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Nellie Knew

Having come neither to praise nor to bury Caesar, I'll stay out of the ever-popular deconstruction of Microsoft and instead turn to a closer look at what mentoring is and is not. First, it is not new. Despite its neologistic cloak as part of the total quality and process improvement movement, mentoring is old stuff. Mentoring is the master-apprentice model without the sting of indentured servitude. It is a dressed up version of what old-timers knew as the “Sit-by-Nellie” approach to software engineering. Ed Yourdon and I even wrote about this humble technique in the first edition of Structured Design (Yourdon and Constantine 1974). The new programmer is told, “Sit by Nellie. She knows how to program.” It was, as we explained then, a symptom of a problem. Since no one knew exactly what Nellie did that made her so good, and even Nellie herself could not exactly put it into words, the best way to learn was to sit beside her and watch her code.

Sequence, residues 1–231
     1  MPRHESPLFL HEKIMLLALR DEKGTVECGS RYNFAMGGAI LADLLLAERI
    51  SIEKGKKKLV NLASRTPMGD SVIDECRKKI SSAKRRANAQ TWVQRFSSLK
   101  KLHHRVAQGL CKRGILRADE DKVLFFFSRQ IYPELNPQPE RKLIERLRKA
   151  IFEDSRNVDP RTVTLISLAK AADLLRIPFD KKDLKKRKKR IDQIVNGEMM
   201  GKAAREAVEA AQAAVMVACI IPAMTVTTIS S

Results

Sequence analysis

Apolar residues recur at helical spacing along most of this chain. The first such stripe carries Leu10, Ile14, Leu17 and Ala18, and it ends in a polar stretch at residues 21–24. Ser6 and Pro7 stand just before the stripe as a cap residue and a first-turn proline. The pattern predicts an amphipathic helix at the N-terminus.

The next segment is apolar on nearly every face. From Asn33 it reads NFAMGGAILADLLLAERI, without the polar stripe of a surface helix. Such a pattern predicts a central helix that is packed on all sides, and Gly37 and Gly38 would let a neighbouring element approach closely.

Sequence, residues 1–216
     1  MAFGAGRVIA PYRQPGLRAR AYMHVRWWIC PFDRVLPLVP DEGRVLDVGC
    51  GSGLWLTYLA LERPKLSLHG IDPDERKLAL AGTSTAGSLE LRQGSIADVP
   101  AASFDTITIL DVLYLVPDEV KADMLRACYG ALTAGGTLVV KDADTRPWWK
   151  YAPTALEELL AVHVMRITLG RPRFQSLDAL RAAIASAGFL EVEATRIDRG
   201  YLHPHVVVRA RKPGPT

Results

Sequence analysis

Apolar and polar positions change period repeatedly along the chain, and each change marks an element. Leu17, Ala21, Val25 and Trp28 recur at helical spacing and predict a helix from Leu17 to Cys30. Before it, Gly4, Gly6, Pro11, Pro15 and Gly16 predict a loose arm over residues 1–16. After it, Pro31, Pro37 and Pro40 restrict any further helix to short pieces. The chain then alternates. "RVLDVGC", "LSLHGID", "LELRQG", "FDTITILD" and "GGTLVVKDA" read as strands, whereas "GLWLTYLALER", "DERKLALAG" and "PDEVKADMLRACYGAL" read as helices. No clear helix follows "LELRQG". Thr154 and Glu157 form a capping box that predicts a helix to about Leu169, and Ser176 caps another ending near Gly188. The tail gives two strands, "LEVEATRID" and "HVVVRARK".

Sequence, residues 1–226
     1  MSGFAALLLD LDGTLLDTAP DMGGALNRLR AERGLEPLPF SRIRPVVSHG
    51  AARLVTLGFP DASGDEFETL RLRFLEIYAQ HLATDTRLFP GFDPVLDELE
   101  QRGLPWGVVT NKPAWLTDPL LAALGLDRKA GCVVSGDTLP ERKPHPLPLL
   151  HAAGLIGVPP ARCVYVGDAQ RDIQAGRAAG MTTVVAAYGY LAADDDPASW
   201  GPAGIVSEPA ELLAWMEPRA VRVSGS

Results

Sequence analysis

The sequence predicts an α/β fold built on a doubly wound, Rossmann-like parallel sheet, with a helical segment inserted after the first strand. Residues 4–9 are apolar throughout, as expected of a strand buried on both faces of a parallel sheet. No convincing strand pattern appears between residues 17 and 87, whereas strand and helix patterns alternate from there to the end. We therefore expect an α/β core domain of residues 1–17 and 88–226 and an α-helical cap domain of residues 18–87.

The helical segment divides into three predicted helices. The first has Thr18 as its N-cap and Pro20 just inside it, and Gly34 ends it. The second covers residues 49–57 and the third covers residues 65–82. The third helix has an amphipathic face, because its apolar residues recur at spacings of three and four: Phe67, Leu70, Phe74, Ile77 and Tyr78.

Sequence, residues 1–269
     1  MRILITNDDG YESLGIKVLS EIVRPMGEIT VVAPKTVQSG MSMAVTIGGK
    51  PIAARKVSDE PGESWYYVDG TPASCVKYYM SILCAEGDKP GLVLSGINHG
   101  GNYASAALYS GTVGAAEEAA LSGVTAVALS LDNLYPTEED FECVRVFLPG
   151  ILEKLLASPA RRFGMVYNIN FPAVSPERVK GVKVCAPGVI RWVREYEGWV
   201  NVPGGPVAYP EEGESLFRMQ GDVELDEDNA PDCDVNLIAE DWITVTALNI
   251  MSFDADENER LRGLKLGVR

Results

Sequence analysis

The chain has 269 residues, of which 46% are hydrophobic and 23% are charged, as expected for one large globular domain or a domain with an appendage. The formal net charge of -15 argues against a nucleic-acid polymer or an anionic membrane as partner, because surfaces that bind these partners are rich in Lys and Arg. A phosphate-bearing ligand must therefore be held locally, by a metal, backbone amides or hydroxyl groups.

Apprenticeship is a better training model for the craft of programming than for the discipline of software engineering. A discipline requires that there be people who can do it, that there be people who know what it is that those who can are doing when they do it, and people who know how to teach others how to do just what it is that those who can do it are doing when they do it well. Mentoring is what you do when you either do not understand what you do or cannot cast it in a form that can be readily and reliably taught.


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